18.01.2018 | Eberhard Karls Universität Tübingen

nachricht A close-up look at an uncommon underwater eruption
11.01.2018 | Woods Hole Oceanographic Institution

All articles from Earth Sciences >>>

The most recent press releases about innovation >>>

Die letzten 5 Focus-News des innovations-reports im Überblick:

Im Focus: Artificial agent designs quantum experiments

On the way to an intelligent laboratory, physicists from Innsbruck and Vienna present an artificial agent that autonomously designs quantum experiments. In initial experiments, the system has independently (re)discovered experimental techniques that are nowadays standard in modern quantum optical laboratories. This shows how machines could play a more creative role in research in the future.

We carry smartphones in our pockets, the streets are dotted with semi-autonomous cars, but in the research laboratory experiments are still being designed by...

Im Focus: Scientists decipher key principle behind reaction of metalloenzymes

So-called pre-distorted states accelerate photochemical reactions too

What enables electrons to be transferred swiftly, for example during photosynthesis? An interdisciplinary team of researchers has worked out the details of how...

Im Focus: The first precise measurement of a single molecule's effective charge

For the first time, scientists have precisely measured the effective electrical charge of a single molecule in solution. This fundamental insight of an SNSF Professor could also pave the way for future medical diagnostics.

Electrical charge is one of the key properties that allows molecules to interact. Life itself depends on this phenomenon: many biological processes involve...

Im Focus: Paradigm shift in Paris: Encouraging an holistic view of laser machining

At the JEC World Composite Show in Paris in March 2018, the Fraunhofer Institute for Laser Technology ILT will be focusing on the latest trends and innovations in laser machining of composites. Among other things, researchers at the booth shared with the Aachen Center for Integrative Lightweight Production (AZL) will demonstrate how lasers can be used for joining, structuring, cutting and drilling composite materials.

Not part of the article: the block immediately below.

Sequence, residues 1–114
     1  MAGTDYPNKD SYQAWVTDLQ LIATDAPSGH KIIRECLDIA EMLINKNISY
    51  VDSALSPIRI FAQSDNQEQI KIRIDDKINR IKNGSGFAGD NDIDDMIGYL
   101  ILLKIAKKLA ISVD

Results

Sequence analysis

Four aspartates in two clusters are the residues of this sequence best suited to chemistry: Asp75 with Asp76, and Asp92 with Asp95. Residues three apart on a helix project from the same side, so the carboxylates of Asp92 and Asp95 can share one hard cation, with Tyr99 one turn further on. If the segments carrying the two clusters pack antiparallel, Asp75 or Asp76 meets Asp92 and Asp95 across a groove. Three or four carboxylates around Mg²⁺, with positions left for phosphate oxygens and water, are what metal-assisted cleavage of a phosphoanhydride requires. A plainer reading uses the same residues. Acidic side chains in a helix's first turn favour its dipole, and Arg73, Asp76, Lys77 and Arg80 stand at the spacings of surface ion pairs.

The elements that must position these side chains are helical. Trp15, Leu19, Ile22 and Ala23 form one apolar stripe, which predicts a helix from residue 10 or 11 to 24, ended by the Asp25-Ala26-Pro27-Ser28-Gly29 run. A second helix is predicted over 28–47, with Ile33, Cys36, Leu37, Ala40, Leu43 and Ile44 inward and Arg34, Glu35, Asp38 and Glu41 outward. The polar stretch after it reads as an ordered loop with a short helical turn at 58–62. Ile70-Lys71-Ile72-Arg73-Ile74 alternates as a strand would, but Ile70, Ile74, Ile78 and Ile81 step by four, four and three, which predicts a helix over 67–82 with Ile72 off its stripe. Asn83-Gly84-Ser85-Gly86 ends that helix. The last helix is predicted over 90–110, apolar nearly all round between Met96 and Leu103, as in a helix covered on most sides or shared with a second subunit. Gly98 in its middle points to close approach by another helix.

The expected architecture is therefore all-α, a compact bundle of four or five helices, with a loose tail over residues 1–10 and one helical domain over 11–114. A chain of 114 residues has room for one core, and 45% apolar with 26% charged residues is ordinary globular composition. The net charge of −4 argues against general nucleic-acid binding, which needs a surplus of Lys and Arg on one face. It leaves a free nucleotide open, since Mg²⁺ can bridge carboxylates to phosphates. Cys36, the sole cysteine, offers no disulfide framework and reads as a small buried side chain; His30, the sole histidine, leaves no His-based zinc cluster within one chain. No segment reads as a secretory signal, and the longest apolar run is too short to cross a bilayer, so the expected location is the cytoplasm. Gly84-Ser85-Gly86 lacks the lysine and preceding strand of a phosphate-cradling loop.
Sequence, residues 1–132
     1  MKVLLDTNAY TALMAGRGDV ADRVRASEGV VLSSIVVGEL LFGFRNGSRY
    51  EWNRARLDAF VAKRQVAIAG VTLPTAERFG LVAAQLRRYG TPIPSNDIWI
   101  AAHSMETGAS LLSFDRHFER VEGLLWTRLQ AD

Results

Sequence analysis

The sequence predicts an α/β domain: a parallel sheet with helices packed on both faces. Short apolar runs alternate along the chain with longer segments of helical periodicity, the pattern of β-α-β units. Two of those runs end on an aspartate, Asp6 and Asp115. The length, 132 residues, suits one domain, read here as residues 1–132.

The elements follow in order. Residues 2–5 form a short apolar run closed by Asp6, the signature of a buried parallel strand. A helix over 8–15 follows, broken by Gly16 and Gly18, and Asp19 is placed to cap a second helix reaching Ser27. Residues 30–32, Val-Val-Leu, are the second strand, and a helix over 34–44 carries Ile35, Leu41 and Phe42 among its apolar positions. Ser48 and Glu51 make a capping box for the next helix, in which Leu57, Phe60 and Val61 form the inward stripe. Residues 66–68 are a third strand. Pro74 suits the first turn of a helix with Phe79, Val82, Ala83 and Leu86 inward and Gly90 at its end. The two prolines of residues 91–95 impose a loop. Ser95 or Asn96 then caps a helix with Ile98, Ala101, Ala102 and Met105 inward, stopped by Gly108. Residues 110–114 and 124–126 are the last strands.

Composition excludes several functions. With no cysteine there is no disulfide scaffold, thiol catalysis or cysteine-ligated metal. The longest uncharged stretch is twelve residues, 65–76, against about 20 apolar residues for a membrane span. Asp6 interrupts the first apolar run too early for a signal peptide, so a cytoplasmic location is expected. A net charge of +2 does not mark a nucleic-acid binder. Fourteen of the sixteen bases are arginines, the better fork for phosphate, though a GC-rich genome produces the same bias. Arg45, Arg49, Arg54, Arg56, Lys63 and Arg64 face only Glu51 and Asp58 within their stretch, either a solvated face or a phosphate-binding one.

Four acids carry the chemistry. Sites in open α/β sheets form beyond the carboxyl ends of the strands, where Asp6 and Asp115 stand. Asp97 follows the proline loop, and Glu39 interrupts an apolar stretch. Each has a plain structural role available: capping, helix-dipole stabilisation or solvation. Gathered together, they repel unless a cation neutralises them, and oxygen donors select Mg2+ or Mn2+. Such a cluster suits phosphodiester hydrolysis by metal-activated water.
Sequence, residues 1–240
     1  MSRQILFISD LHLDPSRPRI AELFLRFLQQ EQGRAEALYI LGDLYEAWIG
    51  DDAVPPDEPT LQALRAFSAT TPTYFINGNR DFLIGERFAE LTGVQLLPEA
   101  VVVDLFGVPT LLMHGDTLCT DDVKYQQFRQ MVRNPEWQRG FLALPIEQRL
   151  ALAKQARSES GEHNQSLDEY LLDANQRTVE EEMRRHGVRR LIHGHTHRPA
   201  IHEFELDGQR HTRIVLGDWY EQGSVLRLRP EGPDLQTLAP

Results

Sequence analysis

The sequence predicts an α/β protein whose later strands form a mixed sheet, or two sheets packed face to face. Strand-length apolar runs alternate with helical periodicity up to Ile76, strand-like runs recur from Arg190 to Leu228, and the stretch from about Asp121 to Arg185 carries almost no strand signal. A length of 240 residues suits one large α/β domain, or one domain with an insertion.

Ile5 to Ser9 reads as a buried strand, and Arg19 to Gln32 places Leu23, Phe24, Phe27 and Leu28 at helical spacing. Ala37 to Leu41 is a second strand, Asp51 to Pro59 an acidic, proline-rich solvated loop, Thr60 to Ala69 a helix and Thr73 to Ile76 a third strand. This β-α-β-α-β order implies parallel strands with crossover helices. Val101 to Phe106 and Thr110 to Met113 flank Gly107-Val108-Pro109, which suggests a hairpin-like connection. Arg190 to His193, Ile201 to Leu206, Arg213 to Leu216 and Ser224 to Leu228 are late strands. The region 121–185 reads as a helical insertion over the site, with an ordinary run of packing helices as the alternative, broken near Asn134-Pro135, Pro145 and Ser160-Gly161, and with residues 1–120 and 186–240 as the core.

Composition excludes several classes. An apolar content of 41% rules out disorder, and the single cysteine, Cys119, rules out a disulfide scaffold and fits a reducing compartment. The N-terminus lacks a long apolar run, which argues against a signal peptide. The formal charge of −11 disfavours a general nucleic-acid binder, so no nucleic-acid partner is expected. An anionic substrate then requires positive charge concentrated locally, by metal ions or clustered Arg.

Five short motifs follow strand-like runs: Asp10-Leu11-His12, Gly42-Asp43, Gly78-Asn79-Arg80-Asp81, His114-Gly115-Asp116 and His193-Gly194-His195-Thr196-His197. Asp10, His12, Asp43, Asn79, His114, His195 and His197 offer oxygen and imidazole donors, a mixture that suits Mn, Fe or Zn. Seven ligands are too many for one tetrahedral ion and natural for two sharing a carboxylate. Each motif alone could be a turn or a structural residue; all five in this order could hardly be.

No other industry has attracted as much public attention to composite materials as the automotive industry, which along with the aerospace industry is a driver...

Im Focus: Room-temperature multiferroic thin films and their properties

Scientists at Tokyo Institute of Technology (Tokyo Tech) and Tohoku University have developed high-quality GFO epitaxial films and systematically investigated their ferroelectric and ferromagnetic properties. They also demonstrated the room-temperature magnetocapacitance effects of these GFO thin films.

Multiferroic materials show magnetically driven ferroelectricity. They are attracting increasing attention because of their fascinating properties such as...

All Focus news of the innovation-report >>>

Anzeige

Anzeige

Event News

10th International Symposium: “Advanced Battery Power – Kraftwerk Batterie” Münster, 10-11 April 2018

08.01.2018 | Event News

See, understand and experience the work of the future

11.12.2017 | Event News

Innovative strategies to tackle parasitic worms

08.12.2017 | Event News

 
Latest News

Meteoritic stardust unlocks timing of supernova dust formation

19.01.2018 | Physics and Astronomy

Method uses DNA, nanoparticles and lithography to make optically active structures

19.01.2018 | Materials Sciences

More genes are active in high-performance maize

19.01.2018 | Life Sciences

VideoLinks
B2B-VideoLinks
More VideoLinks >>>